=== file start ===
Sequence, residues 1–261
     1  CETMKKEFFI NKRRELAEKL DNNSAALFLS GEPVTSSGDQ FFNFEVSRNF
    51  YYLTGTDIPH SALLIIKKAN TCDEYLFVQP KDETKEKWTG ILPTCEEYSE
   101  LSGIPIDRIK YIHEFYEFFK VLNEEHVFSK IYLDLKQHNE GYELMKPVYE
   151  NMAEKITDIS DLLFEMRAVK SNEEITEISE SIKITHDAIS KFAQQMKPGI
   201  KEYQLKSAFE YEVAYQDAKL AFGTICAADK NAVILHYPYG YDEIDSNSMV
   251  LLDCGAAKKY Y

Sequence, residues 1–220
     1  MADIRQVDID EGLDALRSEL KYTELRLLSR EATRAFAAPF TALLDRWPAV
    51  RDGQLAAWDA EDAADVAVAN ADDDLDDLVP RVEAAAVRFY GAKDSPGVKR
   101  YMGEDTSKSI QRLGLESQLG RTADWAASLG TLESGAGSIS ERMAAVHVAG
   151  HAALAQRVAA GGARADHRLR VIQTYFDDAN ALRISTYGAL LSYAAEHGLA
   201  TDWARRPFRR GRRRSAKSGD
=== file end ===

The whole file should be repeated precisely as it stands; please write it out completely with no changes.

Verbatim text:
Sequence, residues 1–261
     1  CETMKKEFFI NKRRELAEKL DNNSAALFLS GEPVTSSGDQ FFNFEVSRNF
    51  YYLTGTDIPH SALLIIKKAN TCDEYLFVQP KDETKEKWTG ILPTCEEYSE
   101  LSGIPIDRIK YIHEFYEFFK VLNEEHVFSK IYLDLKQHNE GYELMKPVYE
   151  NMAEKITDIS DLLFEMRAVK SNEEITEISE SIKITHDAIS KFAQQMKPGI
   201  KEYQLKSAFE YEVAYQDAKL AFGTICAADK NAVILHYPYG YDEIDSNSMV
   251  LLDCGAAKKY Y

Sequence, residues 1–220
     1  MADIRQVDID EGLDALRSEL KYTELRLLSR EATRAFAAPF TALLDRWPAV
    51  RDGQLAAWDA EDAADVAVAN ADDDLDDLVP RVEAAAVRFY GAKDSPGVKR
   101  YMGEDTSKSI QRLGLESQLG RTADWAASLG TLESGAGSIS ERMAAVHVAG
   151  HAALAQRVAA GGARADHRLR VIQTYFDDAN ALRISTYGAL LSYAAEHGLA
   201  TDWARRPFRR GRRRSAKSGD